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Secret Obama-era permit let Iran convert funds to dollars
by Associated Press
WASHINGTON (AP) — After striking an elusive nuclear deal with Iran, the Obama administration found itself in a quandary in early 2016: Iran had been promised access to its long-frozen overseas reserves, including $5.7 billion stuck in an Omani bank.
To spend it, Iran wanted to convert the money into U.S. dollars and then euros, but top U.S. officials had repeatedly promised Congress that Iran would never gain access to America's financial system.
Those assurances notwithstanding, the Obama administration secretly issued a license to let Iran sidestep U.S. sanctions for the brief moment required to convert the funds through an American bank, an investigation by Senate Republicans released Wednesday showed. The plan failed when two U.S. banks refused to participate.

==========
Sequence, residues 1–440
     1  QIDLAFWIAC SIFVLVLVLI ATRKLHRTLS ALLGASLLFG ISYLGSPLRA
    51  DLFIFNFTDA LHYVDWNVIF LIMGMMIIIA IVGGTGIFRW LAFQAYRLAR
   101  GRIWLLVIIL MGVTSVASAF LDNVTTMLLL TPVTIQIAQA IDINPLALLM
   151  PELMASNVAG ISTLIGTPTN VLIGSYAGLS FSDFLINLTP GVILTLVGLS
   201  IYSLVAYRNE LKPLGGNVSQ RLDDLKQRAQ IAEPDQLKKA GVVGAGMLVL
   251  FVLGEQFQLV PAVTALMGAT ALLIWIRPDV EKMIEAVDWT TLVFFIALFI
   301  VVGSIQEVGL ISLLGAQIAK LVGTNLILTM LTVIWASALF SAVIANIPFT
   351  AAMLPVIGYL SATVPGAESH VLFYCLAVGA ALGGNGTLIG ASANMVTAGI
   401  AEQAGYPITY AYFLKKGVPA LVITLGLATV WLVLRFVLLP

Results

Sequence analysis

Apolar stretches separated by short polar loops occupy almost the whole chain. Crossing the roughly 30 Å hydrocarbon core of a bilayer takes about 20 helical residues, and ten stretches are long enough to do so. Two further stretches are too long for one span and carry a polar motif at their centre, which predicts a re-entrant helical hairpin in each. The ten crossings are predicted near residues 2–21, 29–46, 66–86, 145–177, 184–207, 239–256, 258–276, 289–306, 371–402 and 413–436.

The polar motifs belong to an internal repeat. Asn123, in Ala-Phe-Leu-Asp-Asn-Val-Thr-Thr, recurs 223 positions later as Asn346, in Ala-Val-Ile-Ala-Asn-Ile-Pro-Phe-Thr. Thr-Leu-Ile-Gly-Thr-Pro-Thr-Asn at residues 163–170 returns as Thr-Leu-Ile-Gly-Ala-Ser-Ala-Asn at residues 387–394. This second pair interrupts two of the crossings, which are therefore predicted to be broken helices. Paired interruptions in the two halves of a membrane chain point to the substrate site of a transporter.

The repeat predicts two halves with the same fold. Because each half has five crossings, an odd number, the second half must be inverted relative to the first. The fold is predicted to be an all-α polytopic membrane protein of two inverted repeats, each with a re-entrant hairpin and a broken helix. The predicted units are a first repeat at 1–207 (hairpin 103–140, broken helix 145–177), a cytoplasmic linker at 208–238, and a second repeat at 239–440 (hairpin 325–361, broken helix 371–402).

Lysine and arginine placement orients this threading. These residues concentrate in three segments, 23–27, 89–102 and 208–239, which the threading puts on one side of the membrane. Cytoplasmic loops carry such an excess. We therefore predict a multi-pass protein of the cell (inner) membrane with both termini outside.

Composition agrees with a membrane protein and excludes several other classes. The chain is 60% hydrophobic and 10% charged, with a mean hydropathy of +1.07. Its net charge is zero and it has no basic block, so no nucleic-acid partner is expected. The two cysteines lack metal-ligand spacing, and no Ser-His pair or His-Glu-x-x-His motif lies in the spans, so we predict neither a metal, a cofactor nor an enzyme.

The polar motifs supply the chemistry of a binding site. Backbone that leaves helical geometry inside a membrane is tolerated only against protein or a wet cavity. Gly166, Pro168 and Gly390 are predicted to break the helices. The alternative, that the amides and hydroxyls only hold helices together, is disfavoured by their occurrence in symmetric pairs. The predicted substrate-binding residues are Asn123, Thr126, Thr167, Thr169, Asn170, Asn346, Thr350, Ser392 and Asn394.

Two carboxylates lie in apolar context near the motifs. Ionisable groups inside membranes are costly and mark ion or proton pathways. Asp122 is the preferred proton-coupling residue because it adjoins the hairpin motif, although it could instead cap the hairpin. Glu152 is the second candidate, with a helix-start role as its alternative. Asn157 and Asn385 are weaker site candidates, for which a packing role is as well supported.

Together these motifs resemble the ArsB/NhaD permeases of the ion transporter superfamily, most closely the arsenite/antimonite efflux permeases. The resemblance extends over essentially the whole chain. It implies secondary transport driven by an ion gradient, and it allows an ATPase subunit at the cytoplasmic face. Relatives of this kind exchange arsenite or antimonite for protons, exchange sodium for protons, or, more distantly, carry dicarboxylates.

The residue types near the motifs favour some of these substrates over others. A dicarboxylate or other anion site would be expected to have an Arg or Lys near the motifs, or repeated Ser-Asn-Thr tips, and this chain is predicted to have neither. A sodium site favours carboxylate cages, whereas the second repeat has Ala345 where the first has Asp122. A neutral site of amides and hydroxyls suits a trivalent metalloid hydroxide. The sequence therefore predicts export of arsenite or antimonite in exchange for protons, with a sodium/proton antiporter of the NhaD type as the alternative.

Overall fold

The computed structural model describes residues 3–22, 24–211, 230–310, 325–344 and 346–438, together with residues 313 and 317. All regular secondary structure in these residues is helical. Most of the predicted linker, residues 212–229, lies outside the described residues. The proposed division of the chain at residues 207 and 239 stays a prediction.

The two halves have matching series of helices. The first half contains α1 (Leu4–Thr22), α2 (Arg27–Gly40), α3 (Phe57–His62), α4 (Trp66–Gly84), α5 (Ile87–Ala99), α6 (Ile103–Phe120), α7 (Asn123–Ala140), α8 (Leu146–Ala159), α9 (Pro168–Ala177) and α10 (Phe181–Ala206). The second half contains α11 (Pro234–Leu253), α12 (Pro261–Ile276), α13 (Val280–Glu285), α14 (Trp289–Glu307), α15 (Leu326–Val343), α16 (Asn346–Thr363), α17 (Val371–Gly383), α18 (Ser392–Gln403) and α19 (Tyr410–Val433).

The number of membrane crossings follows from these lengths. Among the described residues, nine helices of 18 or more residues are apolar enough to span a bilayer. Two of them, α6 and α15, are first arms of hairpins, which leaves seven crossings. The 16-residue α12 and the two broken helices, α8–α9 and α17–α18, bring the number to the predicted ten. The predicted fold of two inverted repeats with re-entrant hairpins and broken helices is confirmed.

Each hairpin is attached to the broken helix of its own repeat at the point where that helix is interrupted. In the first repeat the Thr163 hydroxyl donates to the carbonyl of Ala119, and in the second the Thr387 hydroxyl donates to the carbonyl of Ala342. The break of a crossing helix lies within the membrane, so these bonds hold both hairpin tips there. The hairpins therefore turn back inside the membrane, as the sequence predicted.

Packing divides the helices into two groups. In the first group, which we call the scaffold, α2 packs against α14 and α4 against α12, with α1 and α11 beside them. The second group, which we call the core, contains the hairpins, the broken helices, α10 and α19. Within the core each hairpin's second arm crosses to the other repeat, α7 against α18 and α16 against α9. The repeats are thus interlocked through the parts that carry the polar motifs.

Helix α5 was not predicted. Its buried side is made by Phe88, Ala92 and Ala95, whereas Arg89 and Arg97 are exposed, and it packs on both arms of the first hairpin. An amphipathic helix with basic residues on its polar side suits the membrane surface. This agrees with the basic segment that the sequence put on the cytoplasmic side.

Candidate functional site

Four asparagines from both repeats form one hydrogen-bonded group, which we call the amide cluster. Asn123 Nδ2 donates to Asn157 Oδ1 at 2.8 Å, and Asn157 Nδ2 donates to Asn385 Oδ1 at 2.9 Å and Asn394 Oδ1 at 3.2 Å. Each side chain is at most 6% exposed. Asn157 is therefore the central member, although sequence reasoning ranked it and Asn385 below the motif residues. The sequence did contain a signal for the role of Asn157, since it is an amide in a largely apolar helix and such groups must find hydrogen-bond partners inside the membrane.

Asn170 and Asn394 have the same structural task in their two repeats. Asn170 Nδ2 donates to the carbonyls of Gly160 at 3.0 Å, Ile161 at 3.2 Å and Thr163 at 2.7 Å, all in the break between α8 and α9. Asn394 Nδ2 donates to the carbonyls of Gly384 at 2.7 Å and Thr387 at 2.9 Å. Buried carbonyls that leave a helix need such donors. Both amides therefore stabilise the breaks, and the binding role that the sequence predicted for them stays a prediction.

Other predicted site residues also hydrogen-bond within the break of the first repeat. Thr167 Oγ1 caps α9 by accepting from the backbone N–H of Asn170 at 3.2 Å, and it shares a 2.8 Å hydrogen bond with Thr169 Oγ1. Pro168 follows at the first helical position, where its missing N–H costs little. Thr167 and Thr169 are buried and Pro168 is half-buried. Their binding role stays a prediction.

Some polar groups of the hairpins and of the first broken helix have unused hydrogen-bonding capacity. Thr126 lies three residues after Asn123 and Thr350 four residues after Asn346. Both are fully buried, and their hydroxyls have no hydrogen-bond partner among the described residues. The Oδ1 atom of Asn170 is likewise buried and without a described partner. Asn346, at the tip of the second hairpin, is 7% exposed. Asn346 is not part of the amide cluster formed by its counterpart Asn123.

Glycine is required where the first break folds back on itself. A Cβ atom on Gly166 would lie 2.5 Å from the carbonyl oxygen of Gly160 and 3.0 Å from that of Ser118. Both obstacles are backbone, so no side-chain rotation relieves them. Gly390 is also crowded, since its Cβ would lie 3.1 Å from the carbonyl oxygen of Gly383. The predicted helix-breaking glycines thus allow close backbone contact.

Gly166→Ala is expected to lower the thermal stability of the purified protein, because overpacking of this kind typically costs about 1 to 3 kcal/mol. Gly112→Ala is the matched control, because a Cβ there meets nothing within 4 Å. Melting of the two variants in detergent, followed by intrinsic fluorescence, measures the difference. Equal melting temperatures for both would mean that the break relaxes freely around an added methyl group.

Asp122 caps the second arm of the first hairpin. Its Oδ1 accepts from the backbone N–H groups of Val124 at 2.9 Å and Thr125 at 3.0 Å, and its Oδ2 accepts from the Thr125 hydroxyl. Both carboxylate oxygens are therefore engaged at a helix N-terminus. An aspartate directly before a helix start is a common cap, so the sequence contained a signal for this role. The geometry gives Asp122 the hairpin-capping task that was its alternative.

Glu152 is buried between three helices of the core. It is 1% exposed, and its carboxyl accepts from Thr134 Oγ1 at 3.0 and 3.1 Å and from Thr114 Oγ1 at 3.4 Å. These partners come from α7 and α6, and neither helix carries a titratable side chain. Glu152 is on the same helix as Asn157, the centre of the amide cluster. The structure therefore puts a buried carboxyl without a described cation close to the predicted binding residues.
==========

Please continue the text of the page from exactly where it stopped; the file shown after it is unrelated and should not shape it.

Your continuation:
Yet two years later, the revelation is re-igniting the bitter debate over the nuclear deal and whether former President Barack Obama was too eager to grant concessions to Tehran.
"The Obama administration misled the American people and Congress because they were desperate to get a deal with Iran," said Sen. Rob Portman, R-Ohio, who chairs the Senate panel that conducted the investigation.